Back Pocket Teaching Strategy: The Story Circle

A "back pocket" strategy is a tool a teacher can use in any classroom, with any group of students, with very minimal prep.  Whether a lesson went south, you had a pop-in observation, or you have 6 minutes left in the period, having back pocket strategies means you'll never be without a quick teaching solution.  Add these back pocket strategies to your teaching bag of tricks for this school year!

Besides the 10 Finger Sentence, my next favorite strategy is the story circle.  It's a great way to practice content area vocabulary, use collaborative skills, and can work for speaking or writing. 

Model a story circle by choosing a topic.  You can use content area vocabulary that you're working on, or have students suggest topics of interest.  Seasonal vocabulary is always a fun idea, too, and you can have a student choose a card to start the game.  Next, start the story with a one-sentence opener.  You can choose to do the story orally (good for a large group!), or write it on an easel (easier with a smaller group).  The next person in the circle must say the next line in the story, keeping with the theme or topic.  The story continues until the last person, who must end the story with some sort of conclusion.  It's really a lot of fun!

I've used the story circle with everyone from kinders to adult learners, and as long as you use appropriate scaffolds, anyone can do it.  For example, in the picture below, my ELL students brainstormed words they knew about hot air balloons, and had to choose at least one word from the chart to include in their story sentence.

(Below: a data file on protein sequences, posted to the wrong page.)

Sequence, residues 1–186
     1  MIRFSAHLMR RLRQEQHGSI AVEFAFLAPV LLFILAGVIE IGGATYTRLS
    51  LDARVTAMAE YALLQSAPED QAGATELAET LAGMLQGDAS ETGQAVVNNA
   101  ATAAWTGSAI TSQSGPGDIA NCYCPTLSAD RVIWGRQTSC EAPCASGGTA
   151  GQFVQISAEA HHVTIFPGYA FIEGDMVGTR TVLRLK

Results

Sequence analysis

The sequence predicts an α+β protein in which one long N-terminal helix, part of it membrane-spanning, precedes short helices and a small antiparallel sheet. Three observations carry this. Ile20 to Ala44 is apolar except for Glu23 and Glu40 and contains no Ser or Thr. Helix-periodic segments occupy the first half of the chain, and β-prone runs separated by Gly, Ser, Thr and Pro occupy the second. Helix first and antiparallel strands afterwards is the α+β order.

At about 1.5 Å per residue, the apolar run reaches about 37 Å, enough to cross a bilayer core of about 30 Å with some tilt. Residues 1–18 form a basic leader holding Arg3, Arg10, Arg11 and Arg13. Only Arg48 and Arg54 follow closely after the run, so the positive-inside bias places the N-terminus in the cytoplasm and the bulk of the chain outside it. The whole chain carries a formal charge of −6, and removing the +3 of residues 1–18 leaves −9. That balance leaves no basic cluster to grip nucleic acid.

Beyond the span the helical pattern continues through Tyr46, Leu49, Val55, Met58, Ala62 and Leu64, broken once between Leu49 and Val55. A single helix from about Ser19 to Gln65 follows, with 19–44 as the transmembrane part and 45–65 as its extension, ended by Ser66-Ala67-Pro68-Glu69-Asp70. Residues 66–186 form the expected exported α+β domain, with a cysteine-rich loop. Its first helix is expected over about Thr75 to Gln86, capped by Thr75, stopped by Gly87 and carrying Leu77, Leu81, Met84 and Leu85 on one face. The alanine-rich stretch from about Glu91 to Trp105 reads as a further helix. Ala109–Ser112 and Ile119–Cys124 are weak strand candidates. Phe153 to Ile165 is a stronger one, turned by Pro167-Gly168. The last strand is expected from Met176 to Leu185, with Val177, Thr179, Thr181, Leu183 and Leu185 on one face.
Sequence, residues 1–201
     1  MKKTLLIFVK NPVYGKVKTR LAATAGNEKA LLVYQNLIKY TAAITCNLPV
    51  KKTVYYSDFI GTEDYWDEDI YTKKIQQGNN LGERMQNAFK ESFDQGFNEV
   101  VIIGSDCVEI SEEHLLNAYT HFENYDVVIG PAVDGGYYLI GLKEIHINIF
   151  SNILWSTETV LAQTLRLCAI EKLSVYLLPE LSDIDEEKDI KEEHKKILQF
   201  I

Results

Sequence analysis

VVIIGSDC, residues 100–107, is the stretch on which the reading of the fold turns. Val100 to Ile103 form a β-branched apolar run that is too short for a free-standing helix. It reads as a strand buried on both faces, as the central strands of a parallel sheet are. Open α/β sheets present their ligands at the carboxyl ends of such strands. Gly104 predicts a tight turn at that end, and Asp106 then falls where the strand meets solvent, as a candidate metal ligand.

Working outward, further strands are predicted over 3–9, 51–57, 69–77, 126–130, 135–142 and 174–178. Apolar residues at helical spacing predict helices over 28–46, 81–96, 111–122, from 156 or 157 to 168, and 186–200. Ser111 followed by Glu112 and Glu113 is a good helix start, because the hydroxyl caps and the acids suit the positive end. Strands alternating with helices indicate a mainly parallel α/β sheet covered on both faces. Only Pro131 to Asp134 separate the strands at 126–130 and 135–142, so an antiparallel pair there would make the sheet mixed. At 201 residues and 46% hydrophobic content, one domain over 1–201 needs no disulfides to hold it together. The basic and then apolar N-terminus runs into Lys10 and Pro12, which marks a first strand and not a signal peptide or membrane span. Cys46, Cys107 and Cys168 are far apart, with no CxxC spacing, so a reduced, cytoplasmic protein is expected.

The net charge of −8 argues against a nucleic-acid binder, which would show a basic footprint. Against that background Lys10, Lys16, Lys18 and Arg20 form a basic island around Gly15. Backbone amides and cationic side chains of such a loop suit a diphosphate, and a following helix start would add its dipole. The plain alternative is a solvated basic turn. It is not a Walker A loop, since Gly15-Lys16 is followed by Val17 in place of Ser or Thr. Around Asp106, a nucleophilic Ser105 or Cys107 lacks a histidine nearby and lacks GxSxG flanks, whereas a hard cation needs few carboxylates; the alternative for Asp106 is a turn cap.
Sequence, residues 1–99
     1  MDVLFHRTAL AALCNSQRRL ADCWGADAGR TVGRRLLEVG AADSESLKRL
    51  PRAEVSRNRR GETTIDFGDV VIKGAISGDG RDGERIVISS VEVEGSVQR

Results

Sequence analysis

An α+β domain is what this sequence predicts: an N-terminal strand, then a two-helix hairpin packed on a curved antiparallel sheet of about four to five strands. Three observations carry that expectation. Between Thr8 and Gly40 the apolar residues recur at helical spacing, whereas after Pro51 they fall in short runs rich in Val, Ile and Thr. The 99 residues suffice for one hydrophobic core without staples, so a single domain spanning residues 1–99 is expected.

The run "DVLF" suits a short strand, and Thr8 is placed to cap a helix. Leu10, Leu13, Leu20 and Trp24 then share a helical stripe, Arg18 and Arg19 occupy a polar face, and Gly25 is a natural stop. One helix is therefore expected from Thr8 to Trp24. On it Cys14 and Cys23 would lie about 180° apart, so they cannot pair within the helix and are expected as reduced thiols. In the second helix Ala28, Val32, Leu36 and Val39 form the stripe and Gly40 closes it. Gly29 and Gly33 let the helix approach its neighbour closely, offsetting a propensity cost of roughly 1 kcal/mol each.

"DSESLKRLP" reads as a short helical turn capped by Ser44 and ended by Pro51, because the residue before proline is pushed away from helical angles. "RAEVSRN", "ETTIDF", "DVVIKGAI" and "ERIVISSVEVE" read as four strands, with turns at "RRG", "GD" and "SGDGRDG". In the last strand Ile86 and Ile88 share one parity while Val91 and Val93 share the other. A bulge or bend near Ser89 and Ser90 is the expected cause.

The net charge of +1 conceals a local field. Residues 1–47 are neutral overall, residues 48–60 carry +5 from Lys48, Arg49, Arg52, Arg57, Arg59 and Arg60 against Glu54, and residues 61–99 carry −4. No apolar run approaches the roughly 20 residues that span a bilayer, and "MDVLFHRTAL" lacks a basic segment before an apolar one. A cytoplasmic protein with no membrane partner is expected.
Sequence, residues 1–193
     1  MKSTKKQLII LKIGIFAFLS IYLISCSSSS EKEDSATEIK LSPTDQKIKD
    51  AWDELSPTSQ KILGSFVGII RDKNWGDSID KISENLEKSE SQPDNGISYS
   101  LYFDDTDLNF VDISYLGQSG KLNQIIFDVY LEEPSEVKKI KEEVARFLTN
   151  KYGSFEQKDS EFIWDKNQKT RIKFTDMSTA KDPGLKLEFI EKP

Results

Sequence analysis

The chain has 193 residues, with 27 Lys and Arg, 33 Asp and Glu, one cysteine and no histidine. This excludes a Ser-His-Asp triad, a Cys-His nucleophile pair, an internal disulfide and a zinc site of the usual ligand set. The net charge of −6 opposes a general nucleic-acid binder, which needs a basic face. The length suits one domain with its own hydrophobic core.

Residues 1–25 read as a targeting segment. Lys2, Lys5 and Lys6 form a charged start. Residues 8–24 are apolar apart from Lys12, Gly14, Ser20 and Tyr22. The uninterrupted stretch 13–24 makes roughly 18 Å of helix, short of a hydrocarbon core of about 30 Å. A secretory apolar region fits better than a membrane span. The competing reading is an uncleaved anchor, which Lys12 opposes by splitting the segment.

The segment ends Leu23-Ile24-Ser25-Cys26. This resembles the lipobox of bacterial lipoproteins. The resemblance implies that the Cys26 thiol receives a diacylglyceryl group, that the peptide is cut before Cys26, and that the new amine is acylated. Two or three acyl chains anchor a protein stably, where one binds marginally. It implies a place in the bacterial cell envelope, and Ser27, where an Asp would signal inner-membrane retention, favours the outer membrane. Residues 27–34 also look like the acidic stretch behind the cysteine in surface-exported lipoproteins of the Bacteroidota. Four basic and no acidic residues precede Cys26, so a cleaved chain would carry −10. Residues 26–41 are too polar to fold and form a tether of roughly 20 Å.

If you use story cubes, like the ones below, you can have each member of the group add to the story using their own picture prompt.  Be prepared for wild and wacky turns! 

Image result for story cubes

A story circle offers learners a fun and engaging opportunity to use vocabulary and grammar structures, as well as build community by collaborating with their peers. A story circle can be used in any content area, and takes little to no preparation at all.  If you use the story circle as a segue into the Language Experience Approach, as I did with this pumpkin activity, then you've created an entirely student-centered activity tailored to each student's proficiency level. 

Check back soon for more back pocket teaching ideas! 


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